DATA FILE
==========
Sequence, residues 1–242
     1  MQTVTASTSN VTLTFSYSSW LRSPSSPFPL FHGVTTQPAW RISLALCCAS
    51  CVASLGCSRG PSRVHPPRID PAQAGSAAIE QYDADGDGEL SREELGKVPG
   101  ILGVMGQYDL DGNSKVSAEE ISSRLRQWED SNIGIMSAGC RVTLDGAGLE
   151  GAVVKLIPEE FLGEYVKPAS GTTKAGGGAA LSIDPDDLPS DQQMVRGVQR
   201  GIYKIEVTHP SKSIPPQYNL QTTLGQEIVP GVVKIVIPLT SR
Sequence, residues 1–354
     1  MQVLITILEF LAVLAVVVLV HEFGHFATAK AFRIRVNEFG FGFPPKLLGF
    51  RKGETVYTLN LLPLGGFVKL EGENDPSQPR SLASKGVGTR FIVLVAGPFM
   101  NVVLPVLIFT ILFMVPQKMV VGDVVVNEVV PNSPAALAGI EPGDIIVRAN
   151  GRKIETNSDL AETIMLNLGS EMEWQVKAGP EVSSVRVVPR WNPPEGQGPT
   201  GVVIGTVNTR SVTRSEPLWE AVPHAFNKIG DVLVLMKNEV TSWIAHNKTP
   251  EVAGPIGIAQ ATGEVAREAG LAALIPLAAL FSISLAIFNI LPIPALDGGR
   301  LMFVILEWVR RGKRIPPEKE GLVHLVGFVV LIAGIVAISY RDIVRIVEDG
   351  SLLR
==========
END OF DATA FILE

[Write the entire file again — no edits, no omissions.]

Sequence, residues 1–242
     1  MQTVTASTSN VTLTFSYSSW LRSPSSPFPL FHGVTTQPAW RISLALCCAS
    51  CVASLGCSRG PSRVHPPRID PAQAGSAAIE QYDADGDGEL SREELGKVPG
   101  ILGVMGQYDL DGNSKVSAEE ISSRLRQWED SNIGIMSAGC RVTLDGAGLE
   151  GAVVKLIPEE FLGEYVKPAS GTTKAGGGAA LSIDPDDLPS DQQMVRGVQR
   201  GIYKIEVTHP SKSIPPQYNL QTTLGQEIVP GVVKIVIPLT SR
Sequence, residues 1–354
     1  MQVLITILEF LAVLAVVVLV HEFGHFATAK AFRIRVNEFG FGFPPKLLGF
    51  RKGETVYTLN LLPLGGFVKL EGENDPSQPR SLASKGVGTR FIVLVAGPFM
   101  NVVLPVLIFT ILFMVPQKMV VGDVVVNEVV PNSPAALAGI EPGDIIVRAN
   151  GRKIETNSDL AETIMLNLGS EMEWQVKAGP EVSSVRVVPR WNPPEGQGPT
   201  GVVIGTVNTR SVTRSEPLWE AVPHAFNKIG DVLVLMKNEV TSWIAHNKTP
   251  EVAGPIGIAQ ATGEVAREAG LAALIPLAAL FSISLAIFNI LPIPALDGGR
   301  LMFVILEWVR RGKRIPPEKE GLVHLVGFVV LIAGIVAISY RDIVRIVEDG
   351  SLLR